One of the most fascinating chapters in the book is the interview with Zvi Mazel, a former ambassador to Sweden, who describes his trials and tribulations within the context of bizarre anti-Israeli and anti-Semitic onslaughts emanating from the government and NGOs and constant death threats expressed publicly by Muslim imams. Mazel also describes the hysterical media responses after he personally disconnected the electricity to an obscene art exhibition glorifying suicide bombers, created by a demented Israeli living in Sweden.
The overall situation is encapsulated in a brilliant summary by Gerstenfeld, chairman of the Board of Fellows of the Jerusalem Center for Public Affairs, who traces the history and provides a chapter-and-verse account of the double standards, bias and naked anti-Semitism which pervades the region. His most devastating depictions are a country by country outline of Nordic responses to the Second Lebanon War. They display incredible hostility against Israel largely based on ignorance and falsehoods promoted under the cloak of purported humanitarianism.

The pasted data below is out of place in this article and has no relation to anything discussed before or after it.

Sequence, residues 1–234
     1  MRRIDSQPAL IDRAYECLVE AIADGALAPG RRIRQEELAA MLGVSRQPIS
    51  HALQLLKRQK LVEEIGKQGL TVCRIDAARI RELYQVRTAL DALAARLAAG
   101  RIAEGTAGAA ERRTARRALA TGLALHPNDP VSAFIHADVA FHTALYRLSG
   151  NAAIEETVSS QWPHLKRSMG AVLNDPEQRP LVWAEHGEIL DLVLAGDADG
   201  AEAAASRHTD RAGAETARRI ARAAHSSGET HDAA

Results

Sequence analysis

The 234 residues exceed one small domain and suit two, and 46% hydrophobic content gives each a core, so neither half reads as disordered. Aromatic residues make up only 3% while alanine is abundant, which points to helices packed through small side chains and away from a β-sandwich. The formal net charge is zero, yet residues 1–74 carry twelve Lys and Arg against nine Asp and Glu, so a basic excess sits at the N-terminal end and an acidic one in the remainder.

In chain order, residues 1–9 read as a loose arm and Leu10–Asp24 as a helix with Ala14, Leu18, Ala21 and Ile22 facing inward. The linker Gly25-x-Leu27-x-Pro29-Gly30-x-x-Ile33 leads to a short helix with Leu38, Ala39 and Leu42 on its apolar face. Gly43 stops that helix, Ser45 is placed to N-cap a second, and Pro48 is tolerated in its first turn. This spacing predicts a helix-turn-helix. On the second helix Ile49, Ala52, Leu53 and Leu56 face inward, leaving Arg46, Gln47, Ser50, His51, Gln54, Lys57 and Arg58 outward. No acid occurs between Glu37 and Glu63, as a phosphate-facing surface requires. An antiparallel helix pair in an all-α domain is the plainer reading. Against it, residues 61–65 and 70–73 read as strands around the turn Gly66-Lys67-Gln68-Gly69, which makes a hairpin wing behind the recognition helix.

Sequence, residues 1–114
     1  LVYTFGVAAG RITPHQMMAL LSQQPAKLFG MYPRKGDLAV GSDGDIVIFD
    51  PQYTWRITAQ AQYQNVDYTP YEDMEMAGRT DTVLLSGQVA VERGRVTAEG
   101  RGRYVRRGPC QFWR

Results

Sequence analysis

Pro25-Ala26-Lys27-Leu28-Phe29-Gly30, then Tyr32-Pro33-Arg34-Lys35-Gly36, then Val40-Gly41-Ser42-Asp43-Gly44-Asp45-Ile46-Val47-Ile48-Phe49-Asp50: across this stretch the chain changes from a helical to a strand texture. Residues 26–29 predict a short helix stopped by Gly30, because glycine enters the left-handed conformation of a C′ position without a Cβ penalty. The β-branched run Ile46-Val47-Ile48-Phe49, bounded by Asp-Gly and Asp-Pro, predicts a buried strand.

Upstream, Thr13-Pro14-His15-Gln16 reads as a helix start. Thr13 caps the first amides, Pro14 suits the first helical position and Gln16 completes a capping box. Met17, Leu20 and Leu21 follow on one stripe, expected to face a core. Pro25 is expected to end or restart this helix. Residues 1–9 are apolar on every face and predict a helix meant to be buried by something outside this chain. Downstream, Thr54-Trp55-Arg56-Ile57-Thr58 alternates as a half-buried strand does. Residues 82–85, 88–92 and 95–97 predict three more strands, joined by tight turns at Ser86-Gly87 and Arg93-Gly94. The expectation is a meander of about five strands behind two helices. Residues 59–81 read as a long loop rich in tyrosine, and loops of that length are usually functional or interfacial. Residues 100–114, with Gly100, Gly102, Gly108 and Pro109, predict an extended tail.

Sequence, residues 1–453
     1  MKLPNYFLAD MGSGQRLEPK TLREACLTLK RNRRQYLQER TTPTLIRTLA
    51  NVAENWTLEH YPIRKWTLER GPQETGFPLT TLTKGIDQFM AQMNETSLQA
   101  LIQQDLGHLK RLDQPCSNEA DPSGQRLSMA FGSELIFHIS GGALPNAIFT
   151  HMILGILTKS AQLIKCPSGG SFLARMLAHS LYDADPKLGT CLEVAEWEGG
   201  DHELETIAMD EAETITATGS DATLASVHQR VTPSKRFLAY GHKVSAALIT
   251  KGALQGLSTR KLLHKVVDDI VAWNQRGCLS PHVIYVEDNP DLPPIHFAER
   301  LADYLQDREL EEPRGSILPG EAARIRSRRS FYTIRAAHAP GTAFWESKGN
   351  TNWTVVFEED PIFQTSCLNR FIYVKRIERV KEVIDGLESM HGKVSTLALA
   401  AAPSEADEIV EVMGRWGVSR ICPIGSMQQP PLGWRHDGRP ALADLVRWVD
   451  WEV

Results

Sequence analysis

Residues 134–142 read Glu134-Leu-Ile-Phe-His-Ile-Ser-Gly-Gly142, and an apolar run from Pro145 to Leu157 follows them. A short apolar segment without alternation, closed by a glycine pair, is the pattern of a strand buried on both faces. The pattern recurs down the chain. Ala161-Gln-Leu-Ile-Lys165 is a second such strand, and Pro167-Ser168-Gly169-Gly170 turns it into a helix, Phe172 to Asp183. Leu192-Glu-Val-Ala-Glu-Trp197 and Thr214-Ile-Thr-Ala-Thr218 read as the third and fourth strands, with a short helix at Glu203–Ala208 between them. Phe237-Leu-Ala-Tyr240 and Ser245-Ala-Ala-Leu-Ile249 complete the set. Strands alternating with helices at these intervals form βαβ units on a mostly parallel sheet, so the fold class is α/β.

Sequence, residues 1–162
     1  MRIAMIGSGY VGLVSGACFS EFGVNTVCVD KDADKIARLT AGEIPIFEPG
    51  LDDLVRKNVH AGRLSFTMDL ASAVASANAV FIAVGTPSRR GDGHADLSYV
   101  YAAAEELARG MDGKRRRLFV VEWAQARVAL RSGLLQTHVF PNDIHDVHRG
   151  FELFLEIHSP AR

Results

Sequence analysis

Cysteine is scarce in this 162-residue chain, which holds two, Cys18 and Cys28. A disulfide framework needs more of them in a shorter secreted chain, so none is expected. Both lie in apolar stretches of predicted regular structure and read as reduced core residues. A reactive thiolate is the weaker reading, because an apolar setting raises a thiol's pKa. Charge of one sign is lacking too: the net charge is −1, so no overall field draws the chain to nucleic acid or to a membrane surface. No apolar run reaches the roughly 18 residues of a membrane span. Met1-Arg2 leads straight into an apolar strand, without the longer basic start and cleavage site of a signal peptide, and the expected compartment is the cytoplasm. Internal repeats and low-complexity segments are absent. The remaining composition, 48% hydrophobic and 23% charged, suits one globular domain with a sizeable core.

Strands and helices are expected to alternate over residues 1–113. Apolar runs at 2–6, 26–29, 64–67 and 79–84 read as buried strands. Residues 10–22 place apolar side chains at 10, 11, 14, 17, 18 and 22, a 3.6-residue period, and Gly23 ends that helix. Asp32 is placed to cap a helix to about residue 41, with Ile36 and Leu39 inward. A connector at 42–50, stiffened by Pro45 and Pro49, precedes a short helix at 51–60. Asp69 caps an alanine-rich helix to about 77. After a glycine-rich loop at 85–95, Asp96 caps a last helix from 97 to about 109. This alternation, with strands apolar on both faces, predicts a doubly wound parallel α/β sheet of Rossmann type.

The book is a pioneering study of how in our times, even in regions in which few Jews reside, organizations purportedly promoting human rights have been hijacked by anti-Semites who promote demonization of Israel as a vehicle to besmirch Jews. Indeed, it illustrates that in Western Europe the Scandinavian countries have assumed a vanguard role in applying bias and distortions against Israel in a manner that has never been applied against any other nation. It demonstrates how traditional anti-Semites, radical leftists, Muslim immigrants and the media have colluded in shamelessly promoting the world’s oldest hatred. Hopefully, it will lead to soul searching and analysis in the region and promote a backlash from decent Scandinavians who have hitherto resisted participating in the ongoing hate fest against Israel and the Jewish people.
This article can also be read in the Jerusalem Post